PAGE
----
Sunset Photo Tips

Here's how to capture a sunset photo spectacle in its full glory

Sitting on a beach and watching the sun's descent is one of the main reasons we love to vacation on islands. Here's how to capture the evening spectacle in its full glory.

Photo Tips | How To |
Islamorada, FloridaJon Whittle

First, scope out your sunset photo well before the action begins. When the color starts, it goes quickly - try to arrive ahead of time. Some sunsets have enough layers of colors and clouds in the scene to stand on their own, but most of the time, a sunset pic is better with other elements incorporated into the composition. Look for interesting objects to frame the edges of your photo, like the leaves of a tree of the overhang of a palapa.

Second, don't forget to turn around. Sometimes the most beautiful part of a sunset is what's happening behind you, but many people become so entranced by the western horizon that they forget to check the rest of the sky. Once the sun is down, don't be too quick to leave. The sun slipping below the horizon might be the main event, but the most spectacular color often doesn't bloom until the sun departs.


When you point a camera at the setting sun, the light meter inside automatically chooses an exposure that will capture every bit of detail in the sky. In doing so, it often chooses an f-stop and shutter-speed combination that is substantially darker than it needs to be, resulting in an underexposed image. To compensate for this on a DSLR, use your exposure-compensation dial (usually denoted by a +/- symbol) and adjust it to +1. In doing this, you're telling the camera to brighten the exposure by one stop. If that's not enough, try going up to +2.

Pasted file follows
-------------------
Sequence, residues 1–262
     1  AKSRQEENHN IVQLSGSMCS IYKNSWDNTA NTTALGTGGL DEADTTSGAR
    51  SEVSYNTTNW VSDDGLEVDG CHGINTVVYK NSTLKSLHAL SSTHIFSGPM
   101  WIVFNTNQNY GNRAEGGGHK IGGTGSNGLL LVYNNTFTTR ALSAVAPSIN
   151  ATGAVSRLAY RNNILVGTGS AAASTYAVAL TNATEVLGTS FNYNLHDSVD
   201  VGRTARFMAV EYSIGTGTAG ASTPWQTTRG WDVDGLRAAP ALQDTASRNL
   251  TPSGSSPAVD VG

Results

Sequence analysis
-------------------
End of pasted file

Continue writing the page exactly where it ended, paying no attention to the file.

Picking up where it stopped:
Tapping different areas of your screen can change both the point of focus and the exposure. If you touch the screen in an area of extreme highlight (like the sun itself) you'll see the exposure of your sunset photo go darker as the phone tries to underexpose to render detail. Next, touch an area of silhouette in the frame and the phone will raise the exposure enough to find details in the shadows, making the entire image brighter. The trick here is to find an area of middle tonality - touch that section to achieve a balanced exposure across the photo.


On most Androids, there is a small gear icon on the screen. Under this menu, you'll find an exposure-compensation menu with a +/- symbol very similar to that on a DSLR. Pressing that button will display a vertical slider that can make the exposure brighter (by sliding up) or darker (by sliding down).

Put your new sunset photo shooting skills to use at our top 16 places to go in 2016.